St Margaret's Church, Hornby

St Margaret's Church, Hornby is in the village of Hornby, Lancashire, England. The church has been designated by English Heritage as a Grade I listed building. It is an active Anglican parish church in the diocese of Blackburn, the archdeaconry of Lancaster and the deanery of Tunstall. Its benefice is combined with those of St Michael, Whittington, St John, Arkholme, and St John, Gressingham.


A church was on the site in 1338. The oldest part of the current church is the tower which was built by Sir Edward Stanley, Lord Mounteagle, in 1514. Lord Mounteagle also arranged for the rebuilding of the chancel but this was incomplete when he died in 1524. In 1817 the old nave was demolished and replaced by a new nave. In 1889 a restoration was carried out by Paley, Austin and Paley. This consisted of the erection of north and south arcades and a clerestory, the removal of the west gallery, and the replacement of box pews by modern seating.


The church is built in sandstone ashlar and its plan consists of a west tower, a nave and chancel under a continuous roof with a clearstory, and north and south aisles. The tower has three stages and is octagonal with the two upper stages being set diagonally to the base. Its parapet is embattled with pinnacles. The middle stage has a clock and a plaque carved with the Mounteagle arms. The nave and aisles have embattled parapets. At the east end is a semi-octagonal apse.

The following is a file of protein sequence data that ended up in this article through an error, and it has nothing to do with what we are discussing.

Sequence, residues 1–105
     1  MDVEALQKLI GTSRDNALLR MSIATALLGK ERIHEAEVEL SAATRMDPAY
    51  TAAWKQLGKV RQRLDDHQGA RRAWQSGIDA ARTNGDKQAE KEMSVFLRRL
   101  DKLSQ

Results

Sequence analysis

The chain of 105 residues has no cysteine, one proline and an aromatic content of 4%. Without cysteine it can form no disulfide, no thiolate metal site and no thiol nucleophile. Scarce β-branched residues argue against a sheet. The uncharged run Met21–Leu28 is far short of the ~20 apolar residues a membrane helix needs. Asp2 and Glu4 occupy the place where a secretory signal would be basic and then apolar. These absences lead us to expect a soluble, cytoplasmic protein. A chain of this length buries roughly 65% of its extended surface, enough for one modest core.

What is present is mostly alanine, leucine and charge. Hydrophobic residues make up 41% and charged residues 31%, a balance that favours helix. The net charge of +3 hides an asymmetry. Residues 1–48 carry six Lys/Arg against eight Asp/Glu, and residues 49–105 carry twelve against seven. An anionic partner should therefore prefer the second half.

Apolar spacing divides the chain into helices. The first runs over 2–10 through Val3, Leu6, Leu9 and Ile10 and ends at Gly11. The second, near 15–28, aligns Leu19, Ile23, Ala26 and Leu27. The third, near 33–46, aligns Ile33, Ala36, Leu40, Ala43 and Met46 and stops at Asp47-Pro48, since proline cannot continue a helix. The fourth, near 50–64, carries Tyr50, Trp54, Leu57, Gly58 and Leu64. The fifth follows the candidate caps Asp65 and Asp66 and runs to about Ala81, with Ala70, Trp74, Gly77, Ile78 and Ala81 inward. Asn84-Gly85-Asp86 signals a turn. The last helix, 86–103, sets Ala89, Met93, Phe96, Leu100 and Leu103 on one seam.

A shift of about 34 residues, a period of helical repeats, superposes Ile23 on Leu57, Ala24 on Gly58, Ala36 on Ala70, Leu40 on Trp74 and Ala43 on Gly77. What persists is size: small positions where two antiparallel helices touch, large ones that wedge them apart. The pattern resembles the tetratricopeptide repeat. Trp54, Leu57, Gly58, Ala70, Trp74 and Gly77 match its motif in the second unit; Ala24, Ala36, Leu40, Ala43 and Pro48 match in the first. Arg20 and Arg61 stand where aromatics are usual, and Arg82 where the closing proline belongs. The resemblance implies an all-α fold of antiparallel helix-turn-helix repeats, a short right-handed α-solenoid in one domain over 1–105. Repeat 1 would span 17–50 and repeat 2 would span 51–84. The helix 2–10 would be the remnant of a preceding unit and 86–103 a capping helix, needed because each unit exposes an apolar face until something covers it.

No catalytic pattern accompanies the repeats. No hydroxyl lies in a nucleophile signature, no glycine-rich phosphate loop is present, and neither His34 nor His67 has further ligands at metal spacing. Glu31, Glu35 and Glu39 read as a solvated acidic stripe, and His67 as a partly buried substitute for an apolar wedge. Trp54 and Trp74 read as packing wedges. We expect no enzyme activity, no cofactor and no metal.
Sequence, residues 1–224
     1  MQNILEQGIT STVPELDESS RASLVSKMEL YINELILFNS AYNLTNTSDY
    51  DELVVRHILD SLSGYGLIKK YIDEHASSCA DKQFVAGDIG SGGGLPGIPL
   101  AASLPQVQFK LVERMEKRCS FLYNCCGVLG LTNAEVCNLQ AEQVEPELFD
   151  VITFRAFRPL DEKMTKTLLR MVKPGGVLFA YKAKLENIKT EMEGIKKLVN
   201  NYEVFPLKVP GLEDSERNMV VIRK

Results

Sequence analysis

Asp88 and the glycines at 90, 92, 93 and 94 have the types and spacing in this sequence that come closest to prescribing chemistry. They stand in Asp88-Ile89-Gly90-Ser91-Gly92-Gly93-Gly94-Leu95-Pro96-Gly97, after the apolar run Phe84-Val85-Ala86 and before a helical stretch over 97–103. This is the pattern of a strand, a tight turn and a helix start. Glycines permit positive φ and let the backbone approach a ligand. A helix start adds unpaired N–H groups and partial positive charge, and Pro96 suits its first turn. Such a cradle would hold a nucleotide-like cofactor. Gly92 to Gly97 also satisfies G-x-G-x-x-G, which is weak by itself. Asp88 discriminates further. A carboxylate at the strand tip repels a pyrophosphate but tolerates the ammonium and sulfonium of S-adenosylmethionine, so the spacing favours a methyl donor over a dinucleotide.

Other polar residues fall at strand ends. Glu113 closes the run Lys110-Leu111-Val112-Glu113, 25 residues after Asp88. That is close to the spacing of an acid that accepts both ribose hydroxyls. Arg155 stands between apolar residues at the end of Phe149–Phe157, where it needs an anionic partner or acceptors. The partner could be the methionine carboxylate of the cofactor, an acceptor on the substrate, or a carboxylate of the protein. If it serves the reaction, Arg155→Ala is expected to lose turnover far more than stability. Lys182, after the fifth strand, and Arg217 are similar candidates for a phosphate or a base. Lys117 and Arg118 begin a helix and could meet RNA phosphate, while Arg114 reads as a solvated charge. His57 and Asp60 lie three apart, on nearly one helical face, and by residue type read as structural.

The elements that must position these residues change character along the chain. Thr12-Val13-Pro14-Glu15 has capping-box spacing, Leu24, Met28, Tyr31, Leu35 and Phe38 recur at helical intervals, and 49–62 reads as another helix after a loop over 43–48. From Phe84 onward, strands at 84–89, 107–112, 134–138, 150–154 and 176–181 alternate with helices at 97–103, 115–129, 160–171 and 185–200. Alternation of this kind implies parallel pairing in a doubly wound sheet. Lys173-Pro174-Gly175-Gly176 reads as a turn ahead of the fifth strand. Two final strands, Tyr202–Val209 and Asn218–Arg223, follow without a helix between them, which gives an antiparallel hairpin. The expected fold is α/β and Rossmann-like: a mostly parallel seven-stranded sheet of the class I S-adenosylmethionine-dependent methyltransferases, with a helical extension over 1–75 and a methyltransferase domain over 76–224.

In the church is a monument to Dr Lingard, the Roman Catholic priest from St Mary's Church, Hornby, who died in 1851. Also in the church are two fragments of Anglo-Saxon crosses. The organ was built by Abbott and Smith and moved to St Margaret's from Hornby Castle in 1899. It was renovated by Ainscough around 1950 and restored by Harrison & Harrison in 1986. The ring consists of eight bells. Six of these were cast by Abel Rudhall in 1761 and the other two by Mears and Stainbank of the Whitechapel Bell Foundry in 1922. The parish register of baptisms begins in 1742 and that of burials in 1763.

External features

In the churchyard is a sandstone Anglo-Saxon cross base which is listed Grade II*.